Prince William admits Diana would be disappointed by UK homelessness
Prince William and Kate Middleton visit the Hayes Muslim Centre
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Prince William has admitted in a thought-provoking interview his late mother, Princess Diana, would be “disappointed” by the fact rough sleeping has risen in England by 26 percent in a year. The Prince of Wales’ candid chat will air on Friday (March 17) on BBC One as part of this year’s Comic Relief coverage. His Royal Highness is the patron of two charities tackling homelessness, Centrepoint and The Passage.
Homelessness has risen amid the spiralling cost of living crisis and research reveals the number of people estimated to be sleeping rough on a single night in autumn 2022 was more than 3,000.
However, this is believed to be the tip of the iceberg as the number of people in temporary accommodation is not accounted for.
This includes those staying with family and friends, sofa surfing or living in unsuitable housing such as sheds.
William has been spending time with Groundswell, a homelessness organisation funded by Comic Relief, to shine a light on the issue.
In William’s interview, which will be broadcast on BBC One on Friday evening, he talks to Nawshin and Miles who know first-hand what it is like to sleep rough in Britain.
Speaking in the film, the 40-year-old royal said: “My mother introduced me to the cause of homelessness from quite a young age, and I’m really glad she did.
“I think she would be disappointed that we are still no further on in terms of tackling homelessness and preventing it than when she was interested and involved in it.”
Diana became a patron of Centrepoint, a charity that provides housing and support for young people, in 1992.
Miles told William: “Homelessness is about not having a safe space, it’s a very isolating life. You exist, you don’t live.
“Groundswell helps to give a voice to people who have experienced homelessness.
“People who experience homelessness have solutions if you just ask them, they know what needs changing.”
Nawshin added: “I didn’t have a choice but to leave home, I had a lot of childhood trauma and circumstances happened around me that were out of my control.”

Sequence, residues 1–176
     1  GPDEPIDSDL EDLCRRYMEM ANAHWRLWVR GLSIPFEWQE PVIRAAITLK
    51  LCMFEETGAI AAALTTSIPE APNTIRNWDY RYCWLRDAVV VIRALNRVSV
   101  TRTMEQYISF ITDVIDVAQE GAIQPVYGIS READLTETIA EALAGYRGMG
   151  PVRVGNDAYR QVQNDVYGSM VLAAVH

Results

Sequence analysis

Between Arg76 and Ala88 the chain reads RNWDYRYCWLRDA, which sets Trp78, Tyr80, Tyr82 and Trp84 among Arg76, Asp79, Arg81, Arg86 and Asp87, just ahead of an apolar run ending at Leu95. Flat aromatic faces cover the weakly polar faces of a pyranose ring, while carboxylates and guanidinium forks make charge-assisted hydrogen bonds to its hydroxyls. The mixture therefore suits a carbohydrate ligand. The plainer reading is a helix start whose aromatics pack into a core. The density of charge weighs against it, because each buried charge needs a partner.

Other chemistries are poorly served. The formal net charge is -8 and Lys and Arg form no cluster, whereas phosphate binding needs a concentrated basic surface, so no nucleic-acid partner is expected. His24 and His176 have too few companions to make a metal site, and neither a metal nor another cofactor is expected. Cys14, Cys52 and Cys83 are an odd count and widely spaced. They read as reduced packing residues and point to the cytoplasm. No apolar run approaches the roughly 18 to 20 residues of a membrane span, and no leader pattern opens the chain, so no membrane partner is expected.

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“Coming to Groundswell and being supported to share my story has really helped me,” Nawshin added. “It is powerful for people to actually listen.”
Money raised this Red Nose Day will help support people struggling with the cost of living crisis and tackle issues like homelessness and food poverty in the UK.
Samir Patel, CEO of Comic Relief shared: “We believe those who are closest to the issues have the best solutions and we’re proud to be supporting Groundswell’s important work to enable people facing such difficulties to not only be heard but be part of finding new ways to tackle homelessness.
“Our huge thanks go to Prince William, Nawshin and Miles for helping to raise awareness of this worsening issue and raise much-needed funds at such a crucial time.”
Diana was instrumental in teaching her two sons, Prince Harry and William, about homelessness.
She took them to meet rough sleepers in the early 1990s when they were children.
Sister Joan, from The Daughters of Charity of St Vincent de Paul, a neighbour of The Passage, said of Diana: “She was beautiful and gentle, I cannot find the words to describe her.
“She was an ordinary person with no airs and graces, who could relate to anybody.”
Red Nose Day’s night of returns on Friday from 7pm on BBC One and iPlayer.
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